Scene: The world's waters - depends on time of year
Seen on Deck: Cunarders (seasoned Cunard lovers) in cruise casuals, maiden voyagers
I have just had tea with The Queen. Actually, technically speaking on The Queen; Cunard's newest ship Queen Elizabeth.
As it happens I have also had tea with The Queen at one of those official Royal Garden Party bunfights and I can report that a regal cuppa onboard Cunard's latest grand dame is much more relaxing. You don't have to elbow your way through OBEs to get a glimpse of Her Maj and you don't have to wear a hat.
On the white-clothed table a silver cake stand is piled satisfyingly high with creamy cakes and scones and jam. A Twinning tea-timer is on hand to help me judge the exact strength of my brew - apparently annual tea consumption onboard the Queen Elizabeth would almost fill an Olympic size swimming pool. Peter Shanks President & Managing Director of Cunard Line is on board and flits between tables to welcome guests.
Between sips of tea from my bone china cup I contemplate the stately progress of this new royal. Queen Elizabeth is half way through her maiden voyage and is greeted with the likes of fawning flotillas of boats, waving streamers, brass bands and crowds of loyal subjects lining the quayside whenever she docks.
The Italian-built, 92,000-tonne lady joins two other queens in the Cunard fleet - the Queen Mary 2 (QM2) and the Queen Victoria. She certainly hasn't missed her sibling ships on her maiden outing either; meeting up them on a number of occasions during her world cruise. In New York Harbour in January she was joined by Queen Mary 2 and Queen Victoria for a firework celebration in front of the Statue of Liberty. In Sydney in February she and QM2 made their stately way towards the sails of the Sydney Opera House to much fuss and fanfare.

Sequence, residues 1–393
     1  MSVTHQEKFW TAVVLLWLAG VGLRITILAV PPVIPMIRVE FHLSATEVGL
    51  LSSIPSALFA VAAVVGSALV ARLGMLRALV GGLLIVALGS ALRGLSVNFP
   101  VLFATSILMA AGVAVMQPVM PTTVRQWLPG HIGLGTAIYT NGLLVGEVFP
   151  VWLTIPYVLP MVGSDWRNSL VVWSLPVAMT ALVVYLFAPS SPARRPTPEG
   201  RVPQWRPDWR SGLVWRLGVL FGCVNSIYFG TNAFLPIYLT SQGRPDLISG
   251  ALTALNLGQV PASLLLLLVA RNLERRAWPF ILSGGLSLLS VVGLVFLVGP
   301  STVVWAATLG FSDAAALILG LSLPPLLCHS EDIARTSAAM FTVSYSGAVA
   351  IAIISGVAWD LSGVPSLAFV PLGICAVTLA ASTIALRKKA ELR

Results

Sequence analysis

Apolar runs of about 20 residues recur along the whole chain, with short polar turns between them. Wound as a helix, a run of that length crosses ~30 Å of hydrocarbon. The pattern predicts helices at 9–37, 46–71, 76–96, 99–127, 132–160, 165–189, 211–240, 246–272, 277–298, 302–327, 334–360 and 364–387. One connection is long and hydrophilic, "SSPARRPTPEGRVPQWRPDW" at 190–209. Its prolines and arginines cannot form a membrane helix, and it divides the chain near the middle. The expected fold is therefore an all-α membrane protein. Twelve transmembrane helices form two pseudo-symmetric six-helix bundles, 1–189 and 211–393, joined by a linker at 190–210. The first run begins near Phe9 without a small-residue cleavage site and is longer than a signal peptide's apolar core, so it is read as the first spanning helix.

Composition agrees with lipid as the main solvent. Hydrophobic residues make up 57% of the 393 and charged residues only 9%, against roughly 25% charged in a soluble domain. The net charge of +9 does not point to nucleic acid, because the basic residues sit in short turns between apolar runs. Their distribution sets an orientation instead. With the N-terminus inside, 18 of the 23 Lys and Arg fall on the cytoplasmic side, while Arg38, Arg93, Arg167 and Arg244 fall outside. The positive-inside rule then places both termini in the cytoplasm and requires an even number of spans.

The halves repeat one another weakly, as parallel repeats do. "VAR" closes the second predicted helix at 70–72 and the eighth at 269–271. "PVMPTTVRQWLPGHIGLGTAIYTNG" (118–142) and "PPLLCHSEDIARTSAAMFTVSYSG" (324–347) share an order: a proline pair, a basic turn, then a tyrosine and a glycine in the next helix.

The Queen officially christened her namesake in Southampton in October and the first leg of the ship's maiden voyage to the Canary Islands was fully booked less than 30 minutes after going on sale.
She's big, no doubt about it (294 metres long and 21storeys high); up a grand sweeping staircase, down a long wood-panelled corridor and I'm lost in her inner sanctum in minutes but it is her aura of tradition, not her size (after all QM2 is bigger) that distinguishes her. Full of art deco flourishes, the latest Queen Elizabeth recalls the era of the 1930s liners, when ships dominated travel before the fast and furious age of the jet-set.
The decor, the crew and, one suspects, all who sail in her revel in tradition and heritage. Cunard line is known for its adherence to certain standards. Not for Cunard the constant mingling between decks. Oh, no. There are places the hoi polo can't venture. Passengers staying in the ship's most exclusive suites (The Luxury Travel Bible readers of course) have their own dining areas in the Queens Grill and Princess Grill restaurants on deck 11 at the top of the ship. This restricted area also has alfresco dining, a private bar and a lounge with the best forward views aboard ship.